Bhutto's son takes over party mantle
The son of slain Pakistan opposition leader Benazir Bhutto was chosen on Sunday to take the mantle of her party and immediately vowed to keep up what he called her struggle for democracy.
At an emotional news conference where his father was named co-chair of the Pakistan People’s Party, 19-year-old Bilawal Bhutto, an Oxford University student untested in politics, said he was ready to lead.
The party also said it would take part in elections on January 8 despite Bhutto’s assassination in a gun and suicide bomb attack on Thursday.
“My mother always said that democracy is the best revenge,” Bilawal told a news conference at the family home in Pakistan’s deep south, which was punctuated by cheers from supporters.
“The party’s long and historic struggle for democracy will continue with a new vigour,” he said.
Bhutto’s husband, Asif Ali Zardari, demanded a United Nations probe into her assassination, along the lines of the world body’s probe of the killing of former Lebanese prime minister Rafiq Hariri.
“We demand a Hariri commission-style investigation,” Zardari told reporters. “We are writing to the UN for an international probe into her martyrdom.”
He added that he had denied the Pakistani government permission to conduct an autopsy, saying he had lived in the country “long enough to know” how it would have been handled.
The government says al-Qaeda militants are responsible for Bhutto’s death at an election rally less than two weeks before the scheduled vote.
But Bhutto’s supporters have accused the government of President Pervez Musharraf of involvement in the attack.
Zardari, who spent more than eight years in jail on corruption charges before he was freed in 2004, defied expectations that the party would call for the upcoming elections to be delayed.
The polls, the first in more than five years, are seen as a key step in completing the nation’s transition to a civilian-led democracy after almost a decade of military rule.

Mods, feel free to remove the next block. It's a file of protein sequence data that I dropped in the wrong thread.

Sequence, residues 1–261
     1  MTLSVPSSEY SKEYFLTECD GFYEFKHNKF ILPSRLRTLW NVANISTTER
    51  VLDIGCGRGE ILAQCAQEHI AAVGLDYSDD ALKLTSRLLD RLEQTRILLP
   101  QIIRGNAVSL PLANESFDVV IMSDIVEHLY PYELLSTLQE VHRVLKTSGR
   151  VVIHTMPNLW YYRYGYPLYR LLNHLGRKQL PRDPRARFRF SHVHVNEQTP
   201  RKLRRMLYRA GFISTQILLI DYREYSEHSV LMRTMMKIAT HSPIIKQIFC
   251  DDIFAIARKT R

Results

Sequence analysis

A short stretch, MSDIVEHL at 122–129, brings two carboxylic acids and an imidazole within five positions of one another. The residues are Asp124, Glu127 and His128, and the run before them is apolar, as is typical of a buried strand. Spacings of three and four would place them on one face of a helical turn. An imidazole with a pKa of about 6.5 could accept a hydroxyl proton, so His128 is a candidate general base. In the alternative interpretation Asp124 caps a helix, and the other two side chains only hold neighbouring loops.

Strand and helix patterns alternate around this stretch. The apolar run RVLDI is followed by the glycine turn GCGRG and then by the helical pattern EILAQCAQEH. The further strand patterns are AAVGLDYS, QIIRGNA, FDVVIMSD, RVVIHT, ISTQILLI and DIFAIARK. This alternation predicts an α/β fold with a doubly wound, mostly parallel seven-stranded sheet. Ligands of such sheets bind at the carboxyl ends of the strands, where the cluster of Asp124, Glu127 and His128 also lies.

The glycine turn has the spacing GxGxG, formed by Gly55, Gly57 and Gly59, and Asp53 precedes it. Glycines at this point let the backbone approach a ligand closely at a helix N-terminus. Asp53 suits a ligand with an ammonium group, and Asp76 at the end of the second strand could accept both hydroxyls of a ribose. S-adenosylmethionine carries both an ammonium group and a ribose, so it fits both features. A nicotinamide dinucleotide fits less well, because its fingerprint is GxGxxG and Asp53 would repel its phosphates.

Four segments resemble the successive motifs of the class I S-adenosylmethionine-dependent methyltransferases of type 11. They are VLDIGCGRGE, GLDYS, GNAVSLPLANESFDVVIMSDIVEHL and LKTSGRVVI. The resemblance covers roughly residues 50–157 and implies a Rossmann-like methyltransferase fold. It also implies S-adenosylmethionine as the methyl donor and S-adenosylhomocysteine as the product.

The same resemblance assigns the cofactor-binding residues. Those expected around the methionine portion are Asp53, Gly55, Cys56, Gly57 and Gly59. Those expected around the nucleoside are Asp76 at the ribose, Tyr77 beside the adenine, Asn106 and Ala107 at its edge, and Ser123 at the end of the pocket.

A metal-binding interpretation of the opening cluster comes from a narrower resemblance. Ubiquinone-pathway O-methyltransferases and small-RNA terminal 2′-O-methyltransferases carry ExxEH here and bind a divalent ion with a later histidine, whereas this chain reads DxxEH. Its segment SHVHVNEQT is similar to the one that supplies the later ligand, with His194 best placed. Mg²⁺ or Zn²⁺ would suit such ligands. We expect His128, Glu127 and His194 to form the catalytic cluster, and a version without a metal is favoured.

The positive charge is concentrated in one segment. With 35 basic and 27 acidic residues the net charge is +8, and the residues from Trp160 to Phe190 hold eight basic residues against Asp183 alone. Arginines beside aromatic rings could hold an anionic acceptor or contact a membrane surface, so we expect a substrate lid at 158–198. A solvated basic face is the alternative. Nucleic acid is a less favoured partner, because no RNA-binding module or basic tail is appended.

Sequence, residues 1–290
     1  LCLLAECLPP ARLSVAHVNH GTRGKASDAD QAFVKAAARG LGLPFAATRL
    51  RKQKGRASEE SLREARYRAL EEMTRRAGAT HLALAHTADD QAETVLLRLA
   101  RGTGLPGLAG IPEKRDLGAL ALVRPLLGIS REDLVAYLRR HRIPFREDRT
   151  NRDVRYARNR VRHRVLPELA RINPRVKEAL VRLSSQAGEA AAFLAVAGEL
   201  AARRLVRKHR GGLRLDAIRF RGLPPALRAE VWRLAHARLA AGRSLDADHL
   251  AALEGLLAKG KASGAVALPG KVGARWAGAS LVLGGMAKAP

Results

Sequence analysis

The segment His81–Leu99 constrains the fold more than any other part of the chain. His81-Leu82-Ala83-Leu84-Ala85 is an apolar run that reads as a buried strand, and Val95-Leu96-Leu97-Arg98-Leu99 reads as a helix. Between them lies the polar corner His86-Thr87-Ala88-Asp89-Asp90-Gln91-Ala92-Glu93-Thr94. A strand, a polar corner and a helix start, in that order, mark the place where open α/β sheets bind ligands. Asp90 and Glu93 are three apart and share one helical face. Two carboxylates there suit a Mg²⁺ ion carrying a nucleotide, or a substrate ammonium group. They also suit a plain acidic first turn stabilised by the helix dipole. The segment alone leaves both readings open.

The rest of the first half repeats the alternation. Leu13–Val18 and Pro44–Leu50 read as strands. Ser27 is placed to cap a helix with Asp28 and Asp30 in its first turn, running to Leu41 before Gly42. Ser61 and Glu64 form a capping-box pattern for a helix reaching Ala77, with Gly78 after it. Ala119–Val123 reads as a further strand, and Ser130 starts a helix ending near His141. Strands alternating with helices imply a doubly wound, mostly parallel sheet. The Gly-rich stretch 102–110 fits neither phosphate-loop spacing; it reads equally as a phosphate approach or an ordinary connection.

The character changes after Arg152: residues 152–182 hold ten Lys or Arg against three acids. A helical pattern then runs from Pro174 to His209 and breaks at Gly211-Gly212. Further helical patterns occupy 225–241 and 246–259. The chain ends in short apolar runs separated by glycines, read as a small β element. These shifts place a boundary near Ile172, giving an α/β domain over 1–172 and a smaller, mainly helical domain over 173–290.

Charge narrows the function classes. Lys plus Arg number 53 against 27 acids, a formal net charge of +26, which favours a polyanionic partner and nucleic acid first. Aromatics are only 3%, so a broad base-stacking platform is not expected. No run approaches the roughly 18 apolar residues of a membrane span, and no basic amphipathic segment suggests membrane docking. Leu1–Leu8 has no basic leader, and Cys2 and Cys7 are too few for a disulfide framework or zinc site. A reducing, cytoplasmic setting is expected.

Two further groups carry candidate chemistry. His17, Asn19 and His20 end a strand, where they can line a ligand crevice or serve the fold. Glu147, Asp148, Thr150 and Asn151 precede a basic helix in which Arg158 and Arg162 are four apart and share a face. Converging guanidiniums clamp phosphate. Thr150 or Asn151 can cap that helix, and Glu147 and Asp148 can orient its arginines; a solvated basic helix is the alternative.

“We have decided to go for elections,” Zardari said.
Zardari appealed for calm and peace in the country, following a wave of violence sparked by Bhutto’s death that left at least 38 people dead and property worth tens of millions of dollars damaged.
A senior party official at the news conference, meanwhile, said that Bhutto in her will had named Zardari as her successor, but that her husband had passed on the post as party chairperson to his son.
Before the meeting, a crowd of supporters outside the house chanted slogans against Musharraf, including “Curse on Musharraf, Musharraf is a killer!”
Meanwhile, the party of former Pakistan premier Nawaz Sharif will take part in scheduled elections on January 8, after earlier saying it would boycott, two spokespersons said on Sunday.
“We will contest the election,” a party spokesperson said.
A personal spokesperson for Sharif said the decision was taken after Zardari had asked Sharif’s party to participate.
“No major party should boycott because it would damage democracy,” the spokesperson, Zaeem Qadri, quoted Zardari as telling Sharif.
The party said the boycott had been announced as a gesture of solidarity after Bhutto was assassinated.—AFP.